CHAPTER ONERECENT DEVELOPMENTS INTHE DOCTRINE OFSCRIPTURED. A. Carson.......tr ___________ ~ CHAPTER ONERECENT DEVELOPMENTS IN THE DOCTRINE OFSCRIPTUREThe pattern of Christian thought that emerged from the Reformationis often summed up under the three phrases: sola gratia, solafides, and sola Scriptura. When I was a boy! I sometimes wonderedhow logic could be preseIVed if there were three statements eachclaiming that something or other was "sola"; but in due course Ilearned that grace is the sole ground of salvation! faith is the solemeans of salvation! and the Scriptures are the sole ultimate authorityfor faith and life-all set in the context of the polemics of theReformation period.Precisely because the Reformers' theological formulations wereshaped by the controversies of their age! it is clear that the "faith andlife" formula was meant to be an all-embracing rubric! not a limitingone. They claimed that the deposit of truth lies in the Bible! not in thechurch or in the magisterium of the church. Their concern! in otherwords! was to spell out the locus of authority in order to rebut theirRoman Catholic opponents! not to restrict the range of the Bible's
authority to religious life and thought! away from history and thenatural world.l The modern disjunction would have seemed strangeto them.This side of the EnlightenmenC debate over the Scriptures soonmoved on to broader matters. Although the history of these debateshas been chronicled many times!2 a great deal of detailed work stillneeds to be done. But perhaps the most difficult period to comprehend!in some ways! is the most recent. We do not yet have theadvantage of distance; and the twists in the debate are many andintricate. Not a few of the issues r:aised are so fresh or are so much apart of modern scholarly thought that evenhanded and disinterestedevaluation is extraordinarily difficult.The essays printed in this volume and in the companion volume3have been written in order to address the most important of theseissues. We have written as Evangelicals; and so far as the doctrine ofSCripture is concerned! we believe we stand within the centraltradition of the church and in line with the teaching of the Scripturesthemselves. This ancient tradition is worth defending! examining! andrearticulating as theological fashions raise new questions. Thepresent essay attempts to scan rather rapidly some of these recent5 6 D. A. Carsondevelopments, in the hope that a bird's-eye view will provide thesevolumes with breadth and unity that might otheIWise be lacking. Theaim is not to deal with denominational bodies (e.g., the Missouri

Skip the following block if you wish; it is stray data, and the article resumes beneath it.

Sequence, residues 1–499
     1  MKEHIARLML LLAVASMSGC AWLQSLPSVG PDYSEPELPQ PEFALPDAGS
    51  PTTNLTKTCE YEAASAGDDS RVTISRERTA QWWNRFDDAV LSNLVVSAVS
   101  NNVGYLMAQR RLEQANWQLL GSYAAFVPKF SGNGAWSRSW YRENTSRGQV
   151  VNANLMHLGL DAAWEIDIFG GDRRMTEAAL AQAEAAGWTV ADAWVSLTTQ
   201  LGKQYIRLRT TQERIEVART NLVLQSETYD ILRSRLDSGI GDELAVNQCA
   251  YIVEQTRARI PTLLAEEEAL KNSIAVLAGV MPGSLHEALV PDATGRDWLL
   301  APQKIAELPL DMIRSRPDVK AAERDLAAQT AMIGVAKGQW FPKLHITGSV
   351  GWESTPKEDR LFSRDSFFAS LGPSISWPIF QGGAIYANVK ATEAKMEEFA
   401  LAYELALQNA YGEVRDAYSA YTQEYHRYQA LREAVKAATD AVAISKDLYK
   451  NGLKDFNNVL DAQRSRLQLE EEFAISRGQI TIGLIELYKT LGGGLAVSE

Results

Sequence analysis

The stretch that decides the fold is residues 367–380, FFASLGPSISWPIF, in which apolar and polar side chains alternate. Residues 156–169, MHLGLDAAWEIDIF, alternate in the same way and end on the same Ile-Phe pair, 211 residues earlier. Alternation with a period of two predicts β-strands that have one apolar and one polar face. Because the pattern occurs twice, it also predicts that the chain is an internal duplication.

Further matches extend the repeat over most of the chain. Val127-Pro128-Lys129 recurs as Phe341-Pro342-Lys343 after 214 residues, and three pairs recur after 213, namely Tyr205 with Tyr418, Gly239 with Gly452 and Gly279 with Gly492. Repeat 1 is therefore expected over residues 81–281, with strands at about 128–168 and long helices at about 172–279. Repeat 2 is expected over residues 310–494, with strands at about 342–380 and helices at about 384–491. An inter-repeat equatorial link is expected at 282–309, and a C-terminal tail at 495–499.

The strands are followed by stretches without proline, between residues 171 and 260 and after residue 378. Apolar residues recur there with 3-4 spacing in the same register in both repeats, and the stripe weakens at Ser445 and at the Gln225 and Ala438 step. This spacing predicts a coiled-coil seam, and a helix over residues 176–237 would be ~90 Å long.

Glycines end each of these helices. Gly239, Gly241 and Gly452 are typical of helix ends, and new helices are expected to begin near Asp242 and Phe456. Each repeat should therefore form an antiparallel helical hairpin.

Synod or the Southern Baptist Convention) or particular publicationsthat have agonized over the issue (e.g., Churchman) but to focus ontheological, philosophical, and historical matters that in the moderndebate impinge directly on how we view the Bible.